The economics of that change is compelling. For instance, it is now cheaper in many countries to generate electricity from renewable sources than from fossil fuels. Since 2006, the costs for solar power modules has fallen by 79%, and since 2010 the prices of batteries for storage of power have fallen by 72%.

We can build a new form of growth and poverty reduction that is clean, sustainable and inclusive. It is an economic path that is much more attractive, robust and lasting. The world is starting to realise the attractiveness of the new growth model, as well as the risks of unmanaged climate change. We can see what needs to be done, that it can be done, and that it is very attractive. If we act wisely, we can create cities in which we can move and breathe, ecosystems that are robust and fruitful, and living standards that can continue to rise. The alternative route would lead to severe disruption and poverty for many.

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There is no horse race between climate responsibility and economic development. But we must build the political will, and quickly, to take the strong decisions that are necessary.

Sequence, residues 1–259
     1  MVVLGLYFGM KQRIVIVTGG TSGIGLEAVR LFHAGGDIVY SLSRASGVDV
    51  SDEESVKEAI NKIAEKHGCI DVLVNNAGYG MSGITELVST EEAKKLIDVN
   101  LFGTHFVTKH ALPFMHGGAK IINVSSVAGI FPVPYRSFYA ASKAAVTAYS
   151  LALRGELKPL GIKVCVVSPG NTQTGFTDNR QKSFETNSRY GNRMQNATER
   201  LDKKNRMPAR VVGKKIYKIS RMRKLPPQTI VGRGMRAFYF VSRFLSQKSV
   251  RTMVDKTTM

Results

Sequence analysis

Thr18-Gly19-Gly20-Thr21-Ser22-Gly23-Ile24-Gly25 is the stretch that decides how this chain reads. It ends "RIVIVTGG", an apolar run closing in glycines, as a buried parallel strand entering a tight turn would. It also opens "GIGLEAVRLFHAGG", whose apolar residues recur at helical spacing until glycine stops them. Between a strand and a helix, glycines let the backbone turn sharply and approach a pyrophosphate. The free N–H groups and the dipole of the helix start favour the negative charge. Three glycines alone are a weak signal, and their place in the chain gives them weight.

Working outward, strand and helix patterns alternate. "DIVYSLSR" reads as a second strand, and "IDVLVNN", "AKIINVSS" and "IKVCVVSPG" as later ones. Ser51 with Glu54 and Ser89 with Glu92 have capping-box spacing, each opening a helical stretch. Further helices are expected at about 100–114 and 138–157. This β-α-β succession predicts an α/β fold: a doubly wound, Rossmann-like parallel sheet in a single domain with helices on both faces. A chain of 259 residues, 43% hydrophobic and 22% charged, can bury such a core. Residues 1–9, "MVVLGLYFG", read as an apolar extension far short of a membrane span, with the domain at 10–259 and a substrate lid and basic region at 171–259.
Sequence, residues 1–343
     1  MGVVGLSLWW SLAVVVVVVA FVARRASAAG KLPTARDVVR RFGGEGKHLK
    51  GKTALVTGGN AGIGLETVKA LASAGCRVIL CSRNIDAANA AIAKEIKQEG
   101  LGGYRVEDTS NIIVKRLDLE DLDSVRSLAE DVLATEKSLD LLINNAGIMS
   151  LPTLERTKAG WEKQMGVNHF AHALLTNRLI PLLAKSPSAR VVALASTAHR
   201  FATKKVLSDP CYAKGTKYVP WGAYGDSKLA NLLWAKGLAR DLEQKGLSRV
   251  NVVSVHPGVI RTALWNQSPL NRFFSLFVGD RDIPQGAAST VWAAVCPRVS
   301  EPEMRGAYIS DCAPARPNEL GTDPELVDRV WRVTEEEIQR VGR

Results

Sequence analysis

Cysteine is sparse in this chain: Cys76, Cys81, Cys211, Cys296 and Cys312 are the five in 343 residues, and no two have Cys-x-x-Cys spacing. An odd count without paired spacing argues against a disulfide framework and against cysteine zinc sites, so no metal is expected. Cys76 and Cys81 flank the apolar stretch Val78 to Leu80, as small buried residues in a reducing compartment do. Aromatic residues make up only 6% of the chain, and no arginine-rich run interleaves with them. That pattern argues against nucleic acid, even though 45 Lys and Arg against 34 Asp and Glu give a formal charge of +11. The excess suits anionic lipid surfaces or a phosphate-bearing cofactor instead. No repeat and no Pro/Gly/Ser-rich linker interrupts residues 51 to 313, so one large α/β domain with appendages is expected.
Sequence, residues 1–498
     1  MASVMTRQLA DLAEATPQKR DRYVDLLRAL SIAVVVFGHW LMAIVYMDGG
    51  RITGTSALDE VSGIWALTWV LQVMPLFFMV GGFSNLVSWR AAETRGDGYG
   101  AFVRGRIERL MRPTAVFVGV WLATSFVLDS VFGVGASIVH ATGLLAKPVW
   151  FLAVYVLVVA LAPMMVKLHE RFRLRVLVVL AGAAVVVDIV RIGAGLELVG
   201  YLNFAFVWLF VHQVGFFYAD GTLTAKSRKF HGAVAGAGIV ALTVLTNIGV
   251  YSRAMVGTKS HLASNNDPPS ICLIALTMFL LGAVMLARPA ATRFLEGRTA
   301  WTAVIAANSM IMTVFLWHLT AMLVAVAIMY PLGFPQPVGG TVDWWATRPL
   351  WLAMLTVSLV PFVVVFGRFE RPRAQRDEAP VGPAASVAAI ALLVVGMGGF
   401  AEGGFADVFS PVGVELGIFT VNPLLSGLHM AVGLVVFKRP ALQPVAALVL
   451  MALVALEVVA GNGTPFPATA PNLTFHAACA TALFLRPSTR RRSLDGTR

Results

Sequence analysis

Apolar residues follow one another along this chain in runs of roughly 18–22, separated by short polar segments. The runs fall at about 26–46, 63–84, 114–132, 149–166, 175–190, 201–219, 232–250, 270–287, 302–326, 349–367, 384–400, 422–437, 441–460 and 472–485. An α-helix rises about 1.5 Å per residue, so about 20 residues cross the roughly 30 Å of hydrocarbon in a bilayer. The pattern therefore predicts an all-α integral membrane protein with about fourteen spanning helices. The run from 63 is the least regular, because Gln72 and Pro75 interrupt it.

His Holiness the Pope is showing extraordinary leadership in trying to bridge the gap between moral obligation and will to act. He leads us in recognizing the combination of urgency and opportunity in the crisis we now face. He serves as an outstanding and crucial example to those of us in the secular world. Only by combining political and moral leadership, together with social movements and sound economics, will the necessary decisions be taken with the urgency that is now required.

Professor Nicholas Stern is chairman of the Grantham Research Institute on Climate Change and the Environment at the London School of Economics

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Climate ChangeRoles of ReligionFuture of the EnvironmentEconomic Progress